A lot of people say that running the New York City Marathon was the best experience of their life. I hope this is true, because it would be really awesome to wake up tomorrow and have the best thing that has ever happened to me happen to me. However, I doubt that this will be my case, because I have eaten tacos al pastor from a street vendor in Mexico City after drinking mezcal all night and woken up fine the next morning. This, to me, is a more impressive physical feat than any number of miles ran. I have ridden on a 18-hour bus to Guatemala, during which I saw a dead body and got robbed; I think, again, that this was more exciting and terrifying than the five-hour slow jog I’m going to slog my frozen ass through tomorrow. You know what would really impress me? Getting a 25% tip on a table of seven half-black half-Indian retired teachers from the Midwest who were eating an early Sunday dinner after temple. That’s something no one has ever done.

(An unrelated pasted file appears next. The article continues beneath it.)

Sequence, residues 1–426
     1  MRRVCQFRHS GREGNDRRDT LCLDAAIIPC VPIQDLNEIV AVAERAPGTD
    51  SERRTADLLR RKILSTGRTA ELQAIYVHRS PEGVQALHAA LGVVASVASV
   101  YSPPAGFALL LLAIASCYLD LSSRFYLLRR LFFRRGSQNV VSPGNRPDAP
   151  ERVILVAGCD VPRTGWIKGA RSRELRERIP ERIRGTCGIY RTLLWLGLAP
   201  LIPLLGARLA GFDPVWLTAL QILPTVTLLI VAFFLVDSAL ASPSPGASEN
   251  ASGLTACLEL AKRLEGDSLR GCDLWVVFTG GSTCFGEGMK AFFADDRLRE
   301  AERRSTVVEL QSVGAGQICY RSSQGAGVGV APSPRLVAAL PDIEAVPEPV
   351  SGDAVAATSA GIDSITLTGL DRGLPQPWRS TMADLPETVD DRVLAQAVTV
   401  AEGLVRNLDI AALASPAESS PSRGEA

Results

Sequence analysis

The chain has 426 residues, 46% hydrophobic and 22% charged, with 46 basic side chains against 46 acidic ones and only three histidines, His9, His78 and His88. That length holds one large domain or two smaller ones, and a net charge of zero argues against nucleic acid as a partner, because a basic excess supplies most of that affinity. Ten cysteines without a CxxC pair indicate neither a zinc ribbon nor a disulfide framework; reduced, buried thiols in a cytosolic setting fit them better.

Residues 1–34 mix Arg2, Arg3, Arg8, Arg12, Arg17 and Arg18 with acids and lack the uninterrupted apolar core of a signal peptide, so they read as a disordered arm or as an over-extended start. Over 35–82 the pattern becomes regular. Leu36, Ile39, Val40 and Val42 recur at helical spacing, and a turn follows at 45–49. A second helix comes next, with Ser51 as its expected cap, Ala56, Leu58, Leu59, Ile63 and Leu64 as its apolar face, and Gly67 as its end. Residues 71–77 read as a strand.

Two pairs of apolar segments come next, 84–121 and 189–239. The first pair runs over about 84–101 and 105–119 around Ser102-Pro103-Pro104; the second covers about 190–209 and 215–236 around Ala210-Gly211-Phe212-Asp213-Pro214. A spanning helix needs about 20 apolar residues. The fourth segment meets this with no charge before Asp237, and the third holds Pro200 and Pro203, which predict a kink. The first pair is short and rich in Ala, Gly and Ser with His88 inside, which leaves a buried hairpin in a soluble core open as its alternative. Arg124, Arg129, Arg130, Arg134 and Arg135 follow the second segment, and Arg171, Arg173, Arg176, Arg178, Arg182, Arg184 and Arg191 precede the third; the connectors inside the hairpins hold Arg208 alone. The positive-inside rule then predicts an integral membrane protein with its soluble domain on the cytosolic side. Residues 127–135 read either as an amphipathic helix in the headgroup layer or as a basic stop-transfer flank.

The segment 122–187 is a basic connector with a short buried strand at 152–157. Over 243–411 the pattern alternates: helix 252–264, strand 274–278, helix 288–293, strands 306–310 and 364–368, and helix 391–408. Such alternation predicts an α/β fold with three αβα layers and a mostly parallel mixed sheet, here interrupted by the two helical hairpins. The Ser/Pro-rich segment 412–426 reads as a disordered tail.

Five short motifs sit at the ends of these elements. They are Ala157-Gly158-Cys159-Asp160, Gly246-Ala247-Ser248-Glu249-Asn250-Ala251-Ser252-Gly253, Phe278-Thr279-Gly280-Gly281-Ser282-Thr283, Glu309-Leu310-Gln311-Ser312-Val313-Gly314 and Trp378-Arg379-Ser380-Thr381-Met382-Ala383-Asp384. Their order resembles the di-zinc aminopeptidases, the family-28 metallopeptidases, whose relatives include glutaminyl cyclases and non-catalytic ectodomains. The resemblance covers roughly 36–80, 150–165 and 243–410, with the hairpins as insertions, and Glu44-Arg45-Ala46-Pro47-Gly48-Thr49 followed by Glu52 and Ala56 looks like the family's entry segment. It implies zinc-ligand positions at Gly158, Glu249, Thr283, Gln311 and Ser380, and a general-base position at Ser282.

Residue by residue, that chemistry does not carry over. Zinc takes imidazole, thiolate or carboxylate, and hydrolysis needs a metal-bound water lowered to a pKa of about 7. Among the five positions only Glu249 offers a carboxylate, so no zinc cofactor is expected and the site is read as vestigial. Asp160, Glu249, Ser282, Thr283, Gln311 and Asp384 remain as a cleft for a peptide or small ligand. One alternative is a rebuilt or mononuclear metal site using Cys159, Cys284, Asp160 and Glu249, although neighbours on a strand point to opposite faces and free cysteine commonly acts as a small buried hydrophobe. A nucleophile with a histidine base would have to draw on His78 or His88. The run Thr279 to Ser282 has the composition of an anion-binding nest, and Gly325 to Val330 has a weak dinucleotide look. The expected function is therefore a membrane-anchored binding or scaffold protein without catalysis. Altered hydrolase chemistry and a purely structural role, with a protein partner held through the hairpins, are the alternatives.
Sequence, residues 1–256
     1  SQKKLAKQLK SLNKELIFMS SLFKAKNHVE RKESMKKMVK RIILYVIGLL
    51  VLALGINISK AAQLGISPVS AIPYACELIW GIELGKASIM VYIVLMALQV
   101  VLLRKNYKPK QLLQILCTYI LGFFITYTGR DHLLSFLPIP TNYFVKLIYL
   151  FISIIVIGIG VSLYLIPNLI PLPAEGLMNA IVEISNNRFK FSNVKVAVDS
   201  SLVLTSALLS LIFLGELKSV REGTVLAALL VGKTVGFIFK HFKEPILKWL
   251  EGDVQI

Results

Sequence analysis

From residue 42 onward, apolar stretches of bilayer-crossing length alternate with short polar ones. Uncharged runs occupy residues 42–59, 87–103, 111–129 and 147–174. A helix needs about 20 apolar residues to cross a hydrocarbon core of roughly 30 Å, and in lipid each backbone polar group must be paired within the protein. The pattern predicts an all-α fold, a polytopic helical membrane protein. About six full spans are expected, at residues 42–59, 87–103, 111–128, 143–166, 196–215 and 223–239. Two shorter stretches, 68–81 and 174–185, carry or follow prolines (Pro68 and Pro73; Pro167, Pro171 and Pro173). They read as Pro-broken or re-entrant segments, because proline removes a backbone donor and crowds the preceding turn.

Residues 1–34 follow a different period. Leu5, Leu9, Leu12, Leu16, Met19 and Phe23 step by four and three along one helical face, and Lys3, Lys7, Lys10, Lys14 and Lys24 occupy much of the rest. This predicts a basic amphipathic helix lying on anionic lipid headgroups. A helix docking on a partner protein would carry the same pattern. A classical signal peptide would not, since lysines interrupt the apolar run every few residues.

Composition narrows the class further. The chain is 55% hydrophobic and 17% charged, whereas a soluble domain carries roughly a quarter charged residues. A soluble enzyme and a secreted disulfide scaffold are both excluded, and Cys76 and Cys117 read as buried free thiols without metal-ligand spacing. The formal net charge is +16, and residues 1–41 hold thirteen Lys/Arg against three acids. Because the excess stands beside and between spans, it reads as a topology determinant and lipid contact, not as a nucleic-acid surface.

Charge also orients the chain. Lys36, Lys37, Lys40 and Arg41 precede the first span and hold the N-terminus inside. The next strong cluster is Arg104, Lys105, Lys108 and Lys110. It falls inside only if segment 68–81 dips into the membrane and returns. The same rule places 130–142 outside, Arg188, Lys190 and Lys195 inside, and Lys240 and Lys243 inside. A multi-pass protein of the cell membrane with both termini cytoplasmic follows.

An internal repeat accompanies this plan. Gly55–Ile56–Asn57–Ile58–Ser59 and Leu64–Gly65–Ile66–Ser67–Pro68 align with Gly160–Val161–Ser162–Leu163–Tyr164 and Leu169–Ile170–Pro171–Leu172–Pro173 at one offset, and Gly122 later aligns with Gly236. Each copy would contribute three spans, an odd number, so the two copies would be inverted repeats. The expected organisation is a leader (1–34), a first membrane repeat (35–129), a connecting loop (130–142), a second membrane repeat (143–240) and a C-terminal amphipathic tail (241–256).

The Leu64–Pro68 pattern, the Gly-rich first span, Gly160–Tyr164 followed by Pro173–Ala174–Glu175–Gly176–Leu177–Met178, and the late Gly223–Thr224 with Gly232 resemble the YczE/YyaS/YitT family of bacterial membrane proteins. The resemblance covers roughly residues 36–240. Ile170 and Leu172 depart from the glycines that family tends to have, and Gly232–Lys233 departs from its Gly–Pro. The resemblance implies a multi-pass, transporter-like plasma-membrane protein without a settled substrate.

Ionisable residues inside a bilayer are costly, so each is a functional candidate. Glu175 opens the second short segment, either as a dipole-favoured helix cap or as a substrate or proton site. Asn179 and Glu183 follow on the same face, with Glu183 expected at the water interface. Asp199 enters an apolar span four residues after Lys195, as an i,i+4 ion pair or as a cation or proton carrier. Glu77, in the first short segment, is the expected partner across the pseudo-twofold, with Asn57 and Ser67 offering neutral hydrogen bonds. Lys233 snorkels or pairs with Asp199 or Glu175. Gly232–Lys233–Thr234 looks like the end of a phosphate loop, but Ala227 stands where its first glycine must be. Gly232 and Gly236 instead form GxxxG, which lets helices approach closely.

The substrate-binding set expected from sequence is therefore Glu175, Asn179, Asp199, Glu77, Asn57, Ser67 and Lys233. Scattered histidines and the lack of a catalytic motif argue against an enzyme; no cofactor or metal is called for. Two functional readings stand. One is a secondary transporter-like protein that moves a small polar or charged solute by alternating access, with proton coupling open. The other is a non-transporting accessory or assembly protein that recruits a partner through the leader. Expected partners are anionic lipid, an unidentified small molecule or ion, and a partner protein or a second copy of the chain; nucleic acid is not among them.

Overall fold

In any case, regardless of your opinions of marathoning, and running in general, the fact is that the New York City Marathon is literally hours away. Regardless of your opinions of adult bowel movements, I’m literally about to shit myself. This is what seventeen weeks of pent-up stress does to you. (Of course, I’m not actually going to, because all I’ve eating for the last two days is pasta and Gatorade.) Let’s not even mention the fact that I’ve just started watching Game Of Thrones, and there’s a distinct possibility that I could be up until 5 in the morning dealing with the Season One GOT Marathon, and could just end up sleeping through the entire Actual Marathon.